More Kids in Pre-K, But Less Per-Student Funding

The good news: More students than ever are enrolled in Pre-K programs in the U.S. The bad news: The rising number of Pre-K students coupled with state education budget cuts across the country has drastically reduced per-child spending on Pre-K programs.  

A new report from the National Institute for Early Education Research breaks down the national and state statistics and trends for one of the most vital educational resources: access to quality prekindergarten programs. According to the report, Pre-K enrollment has doubled over the past ten years. But state per-child spending for those programs has decreased by more than $700 - a 15 percent drop - over the same period. 

Countless studies have shown the importance of early childhood education in adequately preparing children for later academic success. Investment in ECE programs not only increases graduation rates, but also produces significant long-term savings for states and local communities in the form of lower criminal justice costs and higher taxable incomes. Access to early education opportunities is especially important for low-income students who would otherwise start Kindergarten behind their more well-of peers and who then run the risk of falling further behind academically and dropping out.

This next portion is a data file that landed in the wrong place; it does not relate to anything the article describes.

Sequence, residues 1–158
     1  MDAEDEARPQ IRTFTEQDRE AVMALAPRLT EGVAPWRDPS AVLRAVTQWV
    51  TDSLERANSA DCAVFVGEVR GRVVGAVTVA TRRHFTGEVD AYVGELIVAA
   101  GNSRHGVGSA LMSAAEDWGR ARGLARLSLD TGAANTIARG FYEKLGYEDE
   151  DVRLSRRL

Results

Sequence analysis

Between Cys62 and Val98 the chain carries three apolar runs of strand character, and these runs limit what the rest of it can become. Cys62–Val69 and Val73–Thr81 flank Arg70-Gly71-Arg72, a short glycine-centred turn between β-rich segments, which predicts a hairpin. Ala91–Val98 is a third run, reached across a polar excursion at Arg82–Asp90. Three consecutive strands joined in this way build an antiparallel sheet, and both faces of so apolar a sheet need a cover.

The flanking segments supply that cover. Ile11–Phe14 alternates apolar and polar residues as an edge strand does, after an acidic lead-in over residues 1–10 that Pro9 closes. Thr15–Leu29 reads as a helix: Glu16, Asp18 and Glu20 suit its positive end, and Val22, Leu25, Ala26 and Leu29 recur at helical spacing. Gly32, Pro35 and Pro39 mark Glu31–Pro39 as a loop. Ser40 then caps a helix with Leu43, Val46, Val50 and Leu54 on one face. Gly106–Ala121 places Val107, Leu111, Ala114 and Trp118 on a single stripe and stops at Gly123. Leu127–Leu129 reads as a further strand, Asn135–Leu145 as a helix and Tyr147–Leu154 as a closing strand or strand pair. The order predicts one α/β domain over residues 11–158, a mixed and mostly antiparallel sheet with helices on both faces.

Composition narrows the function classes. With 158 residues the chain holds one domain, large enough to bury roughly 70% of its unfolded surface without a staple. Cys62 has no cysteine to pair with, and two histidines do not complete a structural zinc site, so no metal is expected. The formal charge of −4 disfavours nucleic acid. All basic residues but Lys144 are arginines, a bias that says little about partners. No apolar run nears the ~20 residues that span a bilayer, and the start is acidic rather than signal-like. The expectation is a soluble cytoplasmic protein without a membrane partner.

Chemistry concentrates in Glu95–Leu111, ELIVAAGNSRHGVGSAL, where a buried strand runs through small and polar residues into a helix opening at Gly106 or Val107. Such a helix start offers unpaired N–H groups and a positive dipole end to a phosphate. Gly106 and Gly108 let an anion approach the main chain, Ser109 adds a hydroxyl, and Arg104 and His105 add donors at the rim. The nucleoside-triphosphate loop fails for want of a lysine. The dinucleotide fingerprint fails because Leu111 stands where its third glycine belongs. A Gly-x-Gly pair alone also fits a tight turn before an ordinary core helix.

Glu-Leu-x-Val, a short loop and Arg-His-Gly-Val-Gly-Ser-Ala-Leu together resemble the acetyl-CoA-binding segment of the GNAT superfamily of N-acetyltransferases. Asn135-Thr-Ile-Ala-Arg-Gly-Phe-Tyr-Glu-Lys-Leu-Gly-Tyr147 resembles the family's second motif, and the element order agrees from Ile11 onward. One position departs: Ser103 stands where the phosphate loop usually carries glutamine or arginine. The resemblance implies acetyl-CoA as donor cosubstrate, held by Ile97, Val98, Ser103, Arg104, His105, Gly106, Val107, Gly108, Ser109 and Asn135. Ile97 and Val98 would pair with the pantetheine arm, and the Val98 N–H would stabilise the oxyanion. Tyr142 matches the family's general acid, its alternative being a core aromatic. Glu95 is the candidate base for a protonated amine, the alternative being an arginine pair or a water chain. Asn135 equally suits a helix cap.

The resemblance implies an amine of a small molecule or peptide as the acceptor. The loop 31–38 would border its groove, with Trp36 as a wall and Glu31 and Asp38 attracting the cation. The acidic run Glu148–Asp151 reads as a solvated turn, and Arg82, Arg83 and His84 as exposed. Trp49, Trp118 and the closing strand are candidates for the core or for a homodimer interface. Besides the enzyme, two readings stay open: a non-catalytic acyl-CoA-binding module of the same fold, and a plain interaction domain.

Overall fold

The report also provides extremely useful state profiles, measuring not just access to early education programs but also the quality of available programs and whether they meet benchmarks such as small class sizes, teacher degree requierments, etc. 

You can download the full report here and check out how your state measures up in providing this crucial educational opportunity!

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